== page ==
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Happ, Lyon add depth to Toronto's bullpen

BOSTON -- The Blue Jays' bullpen received a much-needed boost on Saturday when Brandon Lyon and J.A. Happ reported for duty.

The two pitchers were acquired as part of Friday's 10-player deal with Houston. They go from one last-place team to another, but there's still a big difference between the two organizations.

Houston is currently in rebuilding mode and 26 games under .500, whereas the Blue Jays entered play on Saturday just 3 1/2 games back of an American League Wild Card spot with a little more than two months remaining in the season.

"It has been a little while since we've been in a situation like this," said Lyon, who posted a 3.25 ERA in 36 innings for Houston. "So I'm excited, I'm excited to get out there and obviously see what I can do and get that adrenaline flowing.

"It's a little bit different of an adrenaline flow when you have the game on the line in situations where teams are just trying to get a win. I'm excited for it, I can't wait to get out there."

Happ is expected to eventually join the Blue Jays' rotation, but for now, he will pitch in relief. Manager John Farrell wants to go through another turn in the rotation before making any decisions about who Happ could possibly replace in the starting five.

The 29-year-old hasn't pitched in relief since 2009, and while starting is his preferred spot, Happ is willing to accept whatever role the club wants to put him in.

"That's what I'm most comfortable with," said Happ, who is 7-9 with a 4.83 ERA in 18 starts this year. "It's what I've done the most. I don't want to make any waves, cause any waves, but that's where I see myself being, and hopefully, they do, too, at some point."

For Lyon, the trade marked a return to the franchise that selected him in the 14th round of the 1999 First-Year Player Draft. The Utah native proceeded to make 21 starts for the Blue Jays in 2001-02 before he was claimed off waivers by Boston.

Since that time, Lyon has spent his entire career out of the bullpen where he owns a career 30-37 record with a 3.88 ERA and 353 strikeouts in 505 2/3 innings.

"It makes it easier for me," Lyon said of going back to Toronto. "Obviously feeling for J.A. right now, I don't think he knows many people around here.

"At least, I can come in here, I can see a few faces that I've seen in the past and it does make it a little bit easier. But any time you have to switch teams and go through the whole meeting new teammates, it's uncomfortable for a few days. But once the game starts, you're playing baseball, you might just have a different uniform on. It will be a lot easier once the game starts for everybody in this situation."

BOSTON -- The Blue Jays' bullpen received a much-needed boost on Saturday when Brandon Lyon and J.A. Happ reported for duty.

The two pitchers were acquired as part of Friday's 10-player deal with Houston. They go from one last-place team to another, but there's still a big difference between the two organizations.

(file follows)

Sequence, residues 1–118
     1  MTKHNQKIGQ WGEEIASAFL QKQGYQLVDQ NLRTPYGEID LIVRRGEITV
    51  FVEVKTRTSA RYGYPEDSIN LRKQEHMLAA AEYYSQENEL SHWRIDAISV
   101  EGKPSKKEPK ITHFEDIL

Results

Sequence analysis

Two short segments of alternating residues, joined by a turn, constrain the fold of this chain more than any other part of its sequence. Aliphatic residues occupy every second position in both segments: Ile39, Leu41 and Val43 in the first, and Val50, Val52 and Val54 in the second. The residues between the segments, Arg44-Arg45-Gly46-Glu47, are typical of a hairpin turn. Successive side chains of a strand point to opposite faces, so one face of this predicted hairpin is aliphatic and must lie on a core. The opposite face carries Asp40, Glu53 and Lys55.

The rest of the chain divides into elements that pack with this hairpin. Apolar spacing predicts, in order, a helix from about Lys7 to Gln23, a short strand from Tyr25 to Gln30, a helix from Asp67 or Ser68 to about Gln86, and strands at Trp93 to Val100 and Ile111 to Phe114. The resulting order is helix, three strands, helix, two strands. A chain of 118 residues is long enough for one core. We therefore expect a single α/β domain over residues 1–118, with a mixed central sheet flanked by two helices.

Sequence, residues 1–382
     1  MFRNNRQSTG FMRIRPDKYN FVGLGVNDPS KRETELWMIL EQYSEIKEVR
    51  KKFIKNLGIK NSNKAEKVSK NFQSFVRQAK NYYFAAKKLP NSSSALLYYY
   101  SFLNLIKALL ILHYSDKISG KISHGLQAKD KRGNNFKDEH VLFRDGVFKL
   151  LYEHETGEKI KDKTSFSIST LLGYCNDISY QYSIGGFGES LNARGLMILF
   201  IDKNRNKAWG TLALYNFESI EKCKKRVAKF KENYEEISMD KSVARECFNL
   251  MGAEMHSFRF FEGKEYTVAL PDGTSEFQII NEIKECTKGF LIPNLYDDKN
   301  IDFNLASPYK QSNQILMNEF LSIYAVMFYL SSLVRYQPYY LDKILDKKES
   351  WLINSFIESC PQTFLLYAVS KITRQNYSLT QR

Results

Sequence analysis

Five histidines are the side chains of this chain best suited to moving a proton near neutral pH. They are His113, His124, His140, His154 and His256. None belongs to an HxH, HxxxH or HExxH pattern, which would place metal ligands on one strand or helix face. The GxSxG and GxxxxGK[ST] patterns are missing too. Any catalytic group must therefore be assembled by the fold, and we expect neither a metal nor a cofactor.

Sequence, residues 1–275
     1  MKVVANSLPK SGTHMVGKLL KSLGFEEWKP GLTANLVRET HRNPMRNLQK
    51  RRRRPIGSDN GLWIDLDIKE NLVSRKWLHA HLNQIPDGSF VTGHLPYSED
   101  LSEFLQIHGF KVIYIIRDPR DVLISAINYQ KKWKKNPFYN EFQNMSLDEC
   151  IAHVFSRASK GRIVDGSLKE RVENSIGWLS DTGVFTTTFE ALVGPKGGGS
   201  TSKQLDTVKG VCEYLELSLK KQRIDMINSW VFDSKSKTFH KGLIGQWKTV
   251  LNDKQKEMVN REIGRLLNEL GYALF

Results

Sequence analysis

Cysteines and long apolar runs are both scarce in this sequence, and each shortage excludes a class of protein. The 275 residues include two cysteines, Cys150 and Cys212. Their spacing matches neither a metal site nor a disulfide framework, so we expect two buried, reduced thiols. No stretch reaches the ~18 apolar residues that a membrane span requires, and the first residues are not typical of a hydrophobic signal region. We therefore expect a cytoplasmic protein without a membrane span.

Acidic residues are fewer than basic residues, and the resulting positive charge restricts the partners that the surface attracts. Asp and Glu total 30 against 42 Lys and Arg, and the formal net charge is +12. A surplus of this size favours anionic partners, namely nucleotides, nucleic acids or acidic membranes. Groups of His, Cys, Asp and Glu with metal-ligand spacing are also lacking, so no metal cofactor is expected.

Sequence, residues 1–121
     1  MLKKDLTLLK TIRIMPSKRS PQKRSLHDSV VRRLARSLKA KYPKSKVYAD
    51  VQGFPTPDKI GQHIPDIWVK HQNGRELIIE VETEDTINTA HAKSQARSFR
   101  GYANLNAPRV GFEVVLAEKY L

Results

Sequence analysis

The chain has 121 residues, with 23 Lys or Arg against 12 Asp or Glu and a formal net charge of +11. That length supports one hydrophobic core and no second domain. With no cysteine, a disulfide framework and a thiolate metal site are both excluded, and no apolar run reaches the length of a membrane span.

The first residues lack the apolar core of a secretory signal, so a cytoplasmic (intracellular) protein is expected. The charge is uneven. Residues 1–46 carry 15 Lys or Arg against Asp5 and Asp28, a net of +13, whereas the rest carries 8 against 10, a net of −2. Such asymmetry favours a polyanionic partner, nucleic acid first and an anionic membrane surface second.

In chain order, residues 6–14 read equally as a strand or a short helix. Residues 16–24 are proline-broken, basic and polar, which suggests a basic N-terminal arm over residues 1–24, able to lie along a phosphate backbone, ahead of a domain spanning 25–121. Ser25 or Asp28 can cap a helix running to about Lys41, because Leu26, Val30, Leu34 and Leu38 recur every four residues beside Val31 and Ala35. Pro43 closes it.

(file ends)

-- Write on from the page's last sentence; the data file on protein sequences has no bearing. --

Houston is currently in rebuilding mode and 26 games under .500, whereas the Blue Jays entered play on Saturday just 3 1/2 games back of an American League Wild Card spot with a little more than two months remaining in the season.

"It has been a little while since we've been in a situation like this," said Lyon, who posted a 3.25 ERA in 36 innings for Houston. "So I'm excited, I'm excited to get out there and obviously see what I can do and get that adrenaline flowing.

"It's a little bit different of an adrenaline flow when you have the game on the line in situations where teams are just trying to get a win. I'm excited for it, I can't wait to get out there."

Happ is expected to eventually join the Blue Jays' rotation, but for now, he will pitch in relief. Manager John Farrell wants to go through another turn in the rotation before making any decisions about who Happ could possibly replace in the starting five.

The 29-year-old hasn't pitched in relief since 2009, and while starting is his preferred spot, Happ is willing to accept whatever role the club wants to put him in.

"That's what I'm most comfortable with," said Happ, who is 7-9 with a 4.83 ERA in 18 starts this year. "It's what I've done the most. I don't want to make any waves, cause any waves, but that's where I see myself being, and hopefully, they do, too, at some point."

For Lyon, the trade marked a return to the franchise that selected him in the 14th round of the 1999 First-Year Player Draft. The Utah native proceeded to make 21 starts for the Blue Jays in 2001-02 before he was claimed off waivers by Boston.

Since that time, Lyon has spent his entire career out of the bullpen where he owns a career 30-37 record with a 3.88 ERA and 353 strikeouts in 505 2/3 innings.

"It makes it easier for me," Lyon said of going back to Toronto. "Obviously feeling for J.A. right now, I don't think he knows many people around here.

"At least, I can come in here, I can see a few faces that I've seen in the past and it does make it a little bit easier. But any time you have to switch teams and go through the whole meeting new teammates, it's uncomfortable for a few days. But once the game starts, you're playing baseball, you might just have a different uniform on. It will be a lot easier once the game starts for everybody in this situation."

This story was not subject to the approval of Major League Baseball or its clubs.